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Chorley dairy bottling plant sentenced over worker’s death

19 November 2015

A Chorley farm operating a dairy bottling and processing plant has been fined £75,000 following the death of a worker crushed by an articulated lorry. 

Paul Davidson, 33, from Adlington, was in the process of coupling an articulated lorry tractor cab to a trailer close to the rear loading bay of J&B Woodcock & Sons in Chorley when the incident happened on 9 March 2012.

The incident was investigated by the Health and Safety Executive (HSE) which prosecuted the firm for serious safety failings. 

Liverpool Crown Court heard how Mr Davidson who was employed as a shunter driver, had been reversing a tractor cab to a parked trailer of empty milk containers to enable him to couple the tractor cab to the trailer. The trailer had been parked on a slope leading down to the dairy loading bay. 

Having coupled the cab to the trailer, he walked to nearside of the trailer and after manually depressing the shunt valve, he released its parking brake, at this point the trailer and cab combination started to roll downhill.   

Mr Davidson was struck by the vehicle which jack-knifed and crashed into another trailer that was parked in the loading bay. He later died on the way to hospital as a result of his injuries.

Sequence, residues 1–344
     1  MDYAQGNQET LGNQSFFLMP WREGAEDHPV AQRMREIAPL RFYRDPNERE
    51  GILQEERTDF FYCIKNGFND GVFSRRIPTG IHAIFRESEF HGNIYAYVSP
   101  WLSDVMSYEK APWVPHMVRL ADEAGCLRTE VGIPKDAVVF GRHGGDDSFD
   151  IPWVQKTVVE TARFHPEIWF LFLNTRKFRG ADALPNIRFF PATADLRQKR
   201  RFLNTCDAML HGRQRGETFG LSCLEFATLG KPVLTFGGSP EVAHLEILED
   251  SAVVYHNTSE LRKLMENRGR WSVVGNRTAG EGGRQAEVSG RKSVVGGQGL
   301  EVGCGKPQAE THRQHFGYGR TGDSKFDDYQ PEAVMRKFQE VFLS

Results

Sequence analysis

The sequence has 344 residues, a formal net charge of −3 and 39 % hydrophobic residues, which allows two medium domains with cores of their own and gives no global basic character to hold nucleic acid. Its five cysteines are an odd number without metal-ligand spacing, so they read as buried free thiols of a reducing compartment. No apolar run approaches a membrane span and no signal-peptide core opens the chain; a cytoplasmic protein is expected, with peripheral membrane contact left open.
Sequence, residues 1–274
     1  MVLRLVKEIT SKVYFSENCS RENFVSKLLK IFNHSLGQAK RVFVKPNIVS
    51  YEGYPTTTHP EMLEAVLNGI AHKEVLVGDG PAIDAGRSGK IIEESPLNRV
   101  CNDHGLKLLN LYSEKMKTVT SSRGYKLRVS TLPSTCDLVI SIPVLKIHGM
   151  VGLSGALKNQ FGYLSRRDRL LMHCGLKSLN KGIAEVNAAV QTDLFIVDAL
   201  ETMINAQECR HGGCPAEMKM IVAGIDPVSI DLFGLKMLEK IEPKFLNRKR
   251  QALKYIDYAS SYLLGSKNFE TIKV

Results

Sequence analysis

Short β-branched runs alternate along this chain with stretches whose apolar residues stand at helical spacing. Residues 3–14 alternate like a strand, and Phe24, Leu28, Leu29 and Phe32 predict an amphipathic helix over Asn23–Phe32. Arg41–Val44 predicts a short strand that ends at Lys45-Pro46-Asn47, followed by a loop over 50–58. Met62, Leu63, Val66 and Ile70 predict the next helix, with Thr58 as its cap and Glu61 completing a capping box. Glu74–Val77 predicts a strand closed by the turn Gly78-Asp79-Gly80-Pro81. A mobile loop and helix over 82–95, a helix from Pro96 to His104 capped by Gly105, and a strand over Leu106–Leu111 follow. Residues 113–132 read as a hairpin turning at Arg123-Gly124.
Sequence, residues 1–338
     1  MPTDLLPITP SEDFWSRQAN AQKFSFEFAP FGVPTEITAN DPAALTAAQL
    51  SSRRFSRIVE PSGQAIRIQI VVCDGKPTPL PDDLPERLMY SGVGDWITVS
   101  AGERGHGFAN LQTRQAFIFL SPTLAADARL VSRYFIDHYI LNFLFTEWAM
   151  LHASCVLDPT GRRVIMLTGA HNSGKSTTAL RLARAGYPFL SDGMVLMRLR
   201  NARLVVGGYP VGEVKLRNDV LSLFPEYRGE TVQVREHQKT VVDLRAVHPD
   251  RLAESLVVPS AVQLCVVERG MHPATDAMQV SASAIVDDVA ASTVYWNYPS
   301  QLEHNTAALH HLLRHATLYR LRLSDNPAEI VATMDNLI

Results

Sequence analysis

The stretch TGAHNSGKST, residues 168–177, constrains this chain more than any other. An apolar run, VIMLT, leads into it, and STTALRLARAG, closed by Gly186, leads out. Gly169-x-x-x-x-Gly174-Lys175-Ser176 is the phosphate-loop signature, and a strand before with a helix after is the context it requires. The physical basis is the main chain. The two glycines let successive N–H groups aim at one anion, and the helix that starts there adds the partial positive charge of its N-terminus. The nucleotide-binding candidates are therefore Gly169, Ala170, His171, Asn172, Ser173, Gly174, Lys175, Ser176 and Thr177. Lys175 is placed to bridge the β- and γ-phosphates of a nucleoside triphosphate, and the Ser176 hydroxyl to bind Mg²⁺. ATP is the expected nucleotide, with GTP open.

The HSE investigation found that J&B Woodcock & Sons had failed to conduct a suitable and sufficient risk assessment for the coupling and uncoupling of trailers. Had a proper risk assessment been carried out on or before the day of the incident it would have identified the inherent danger in carrying out coupling and uncoupling of trailers on an incline. 

J&B Woodcock & Sons of Yew Tree House Farm, Coppull Hall Lane, Chorley pleaded guilty to breaches of Section 2(1) of the Health and Safety at Work etc. Act 1974 and was today (19 November 2015) fined £75,000 and ordered to pay costs of £35,424. The partnership has since moved to new premises in Skelmersdale. 

Speaking after the hearing, HSE Inspector Phil Redman said: “Hauliers and site operators should ensure areas where coupling and uncoupling take place are well lit, firm and level.   

“It is foreseeable that a shunter driver may inadvertently leave the tractor unit parking brake off, and unfortunately there have been many instances of tractor and semi-trailer combinations running away during coupling and uncoupling, when this has occurred the consequences have sometimes been tragic.” 

Notes to Editors:

  1. The Health and Safety Executive is Britain’s national regulator for workplace health and safety. It aims to reduce work-related death, injury and ill health. It does so through research, information and advice, promoting training, new or revised regulations and codes of practice, and working with local authority partners by inspection, investigation and enforcement
  2. More about the legislation referred to in this case can be found at:
  3. Further HSE news releases are available at

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